The Coronation Street storyline centred on kidney disease and transplantation finished a few weeks ago but has had a positive impact on the renal world. The story involved Carla, played by Alison King (below), returning to the soap having been diagnosed with kidney disease. After a few weeks of suffering symptoms and tests she eventually receives a kidney transplant after her brother Aidan, played by Shayne Ward, donated one of his kidneys.
Coronation Street normally draws between 6-9 million viewers for each episode meaning heightened awareness of kidney disease for millions of people across the UK. The Kidney Care UK website received record amounts of traffic and a number of kidney patients only found us after seeing us mentioned on the ITV site. The weeks following each episode continuing Carla's story saw a spike in google searches for kidney related terms such as 'kidney transplant', 'kidney disease', 'organ donation'. The soap was also thanked for the awareness it raised during the recent second reading of a private members bill on organ donation at parliament. However it was also criticised by some kidney patients for the fact that Carla had a kidney transplant so quickly.
It’s shocking that people still die every day waiting for a transplant so I’m pleased that we were able to help raise awareness of kidney disease and organ donation.Alison King
As a result Kidney Care UK were asked to advise the researchers and writers of the soap. Kidney Care UK Policy Director, Fiona Loud said, "We saw it as an opportunity to right some of the wrongs from the past. We spent time going through scripts offering advice on appropriate language and timings as well as potential make up. We sent the team plenty of information as well as posters for the set. We also arranged for members of the production and make up team to visit Manchester Royal Infirmary and meet with a transplant surgeon, Titus Augustine, who also helped provide valuable insights into living donation, scarring and pre/post operation processes."Soaps are watched – and often worshipped - by millions of people but the makers often take dramatic license when it comes to showing many parts of everyday life, whether you have kidney disease or not. "We knew that it was unlikely that they wold be able to show many of the details of what it is like to live with kidney disease and experience a dramatic loss of kidney function and we made it clear to the researchers that the timescales involved in testing and transplantation take many months. Ultimately in a 30 minute prime time soap opera you are only going to have 2-3 minutes in each episode to focus on one particular storyline so we felt it was important to offer guidance and advice to ensure that was portrayed on screen was as accurate as possible, at the same time reminding viewers via social media that this isn’t a real-life portrayal of kidney disease and the process for getting tested to donate a kidney takes much longer than is being played out on-screen".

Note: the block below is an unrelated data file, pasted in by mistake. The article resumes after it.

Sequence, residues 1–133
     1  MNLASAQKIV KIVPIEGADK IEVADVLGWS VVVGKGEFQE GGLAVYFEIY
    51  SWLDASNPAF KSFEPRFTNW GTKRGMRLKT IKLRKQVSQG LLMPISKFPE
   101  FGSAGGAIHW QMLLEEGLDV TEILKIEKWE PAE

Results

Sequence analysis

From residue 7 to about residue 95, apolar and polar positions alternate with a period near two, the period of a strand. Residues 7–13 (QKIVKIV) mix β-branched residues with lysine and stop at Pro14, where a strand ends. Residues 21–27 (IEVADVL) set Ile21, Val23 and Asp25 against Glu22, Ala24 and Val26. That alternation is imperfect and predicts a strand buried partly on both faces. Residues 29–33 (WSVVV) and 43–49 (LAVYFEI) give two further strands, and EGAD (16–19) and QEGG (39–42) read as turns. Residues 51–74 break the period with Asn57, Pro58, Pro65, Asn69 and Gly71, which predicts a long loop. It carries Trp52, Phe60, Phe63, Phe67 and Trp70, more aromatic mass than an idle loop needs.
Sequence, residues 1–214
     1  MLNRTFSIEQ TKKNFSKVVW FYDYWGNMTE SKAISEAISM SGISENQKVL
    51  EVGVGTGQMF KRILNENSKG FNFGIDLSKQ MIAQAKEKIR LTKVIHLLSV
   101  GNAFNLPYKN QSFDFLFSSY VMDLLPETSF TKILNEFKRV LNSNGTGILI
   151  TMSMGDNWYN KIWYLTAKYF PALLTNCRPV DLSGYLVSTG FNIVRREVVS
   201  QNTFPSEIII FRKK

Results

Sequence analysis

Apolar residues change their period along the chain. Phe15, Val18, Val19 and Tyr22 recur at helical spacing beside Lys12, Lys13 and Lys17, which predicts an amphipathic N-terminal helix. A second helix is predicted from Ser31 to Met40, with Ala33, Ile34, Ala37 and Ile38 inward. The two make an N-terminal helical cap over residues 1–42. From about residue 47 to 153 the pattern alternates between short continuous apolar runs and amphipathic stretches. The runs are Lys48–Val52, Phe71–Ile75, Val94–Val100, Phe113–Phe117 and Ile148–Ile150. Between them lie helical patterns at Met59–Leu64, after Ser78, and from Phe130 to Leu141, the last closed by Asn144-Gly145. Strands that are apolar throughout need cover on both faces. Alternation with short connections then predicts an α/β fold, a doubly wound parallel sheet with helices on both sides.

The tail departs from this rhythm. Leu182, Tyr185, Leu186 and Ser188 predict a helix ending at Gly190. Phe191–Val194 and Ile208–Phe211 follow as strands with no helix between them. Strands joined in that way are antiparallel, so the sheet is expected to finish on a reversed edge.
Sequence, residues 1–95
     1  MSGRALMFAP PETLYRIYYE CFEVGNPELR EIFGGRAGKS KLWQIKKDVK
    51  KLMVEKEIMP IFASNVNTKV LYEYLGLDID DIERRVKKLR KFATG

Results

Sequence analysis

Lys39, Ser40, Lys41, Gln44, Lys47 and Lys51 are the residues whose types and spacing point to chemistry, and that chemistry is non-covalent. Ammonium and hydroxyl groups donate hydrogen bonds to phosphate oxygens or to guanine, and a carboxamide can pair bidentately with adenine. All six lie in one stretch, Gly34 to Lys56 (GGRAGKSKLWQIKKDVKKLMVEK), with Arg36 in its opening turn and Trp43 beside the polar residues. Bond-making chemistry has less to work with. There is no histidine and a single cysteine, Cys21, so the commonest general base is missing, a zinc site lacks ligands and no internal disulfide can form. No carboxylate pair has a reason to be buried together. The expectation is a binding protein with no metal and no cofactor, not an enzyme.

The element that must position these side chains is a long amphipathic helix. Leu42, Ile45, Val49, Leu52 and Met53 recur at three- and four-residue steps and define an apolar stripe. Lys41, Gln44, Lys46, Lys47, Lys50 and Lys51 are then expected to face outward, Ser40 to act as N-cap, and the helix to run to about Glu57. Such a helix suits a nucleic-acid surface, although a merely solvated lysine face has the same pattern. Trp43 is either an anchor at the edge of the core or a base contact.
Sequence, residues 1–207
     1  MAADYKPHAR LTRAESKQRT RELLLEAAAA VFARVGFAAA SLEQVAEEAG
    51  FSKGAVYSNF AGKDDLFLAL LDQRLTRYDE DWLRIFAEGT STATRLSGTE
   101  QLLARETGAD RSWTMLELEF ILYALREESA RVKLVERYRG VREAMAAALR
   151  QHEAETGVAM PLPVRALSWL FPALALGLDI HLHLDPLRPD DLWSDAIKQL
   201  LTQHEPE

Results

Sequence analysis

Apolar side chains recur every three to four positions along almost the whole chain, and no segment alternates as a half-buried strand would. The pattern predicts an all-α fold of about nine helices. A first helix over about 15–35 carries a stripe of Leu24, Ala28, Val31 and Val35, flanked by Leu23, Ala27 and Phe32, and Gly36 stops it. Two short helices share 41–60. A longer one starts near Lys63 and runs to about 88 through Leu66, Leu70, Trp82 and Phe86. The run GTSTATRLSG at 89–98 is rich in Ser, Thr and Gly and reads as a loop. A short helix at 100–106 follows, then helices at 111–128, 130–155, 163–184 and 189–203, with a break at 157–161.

Alison King, the actress who plays Carla praised the support that she and the team received from Kidney Care UK, “When I found out about Carla having kidney failure I wanted to make sure I portrayed that as accurately as I could because so many people are affected. Carla was very lucky to have such supportive friends and family around her but even then she was still facing up to her own mortality and perhaps not following all the advice she was given by her doctors!
Carla is quite a feisty character so it was nice to be able to show her more vulnerable side as well and see a positive outcome that I know not every person with kidney disease is guaranteed to have. It’s shocking that people still die every day waiting for a transplant so I’m pleased that we were able to help raise awareness of kidney disease and organ donation. It was touching to hear that the charity received calls for people looking for support just because they saw the storyline on the show.”
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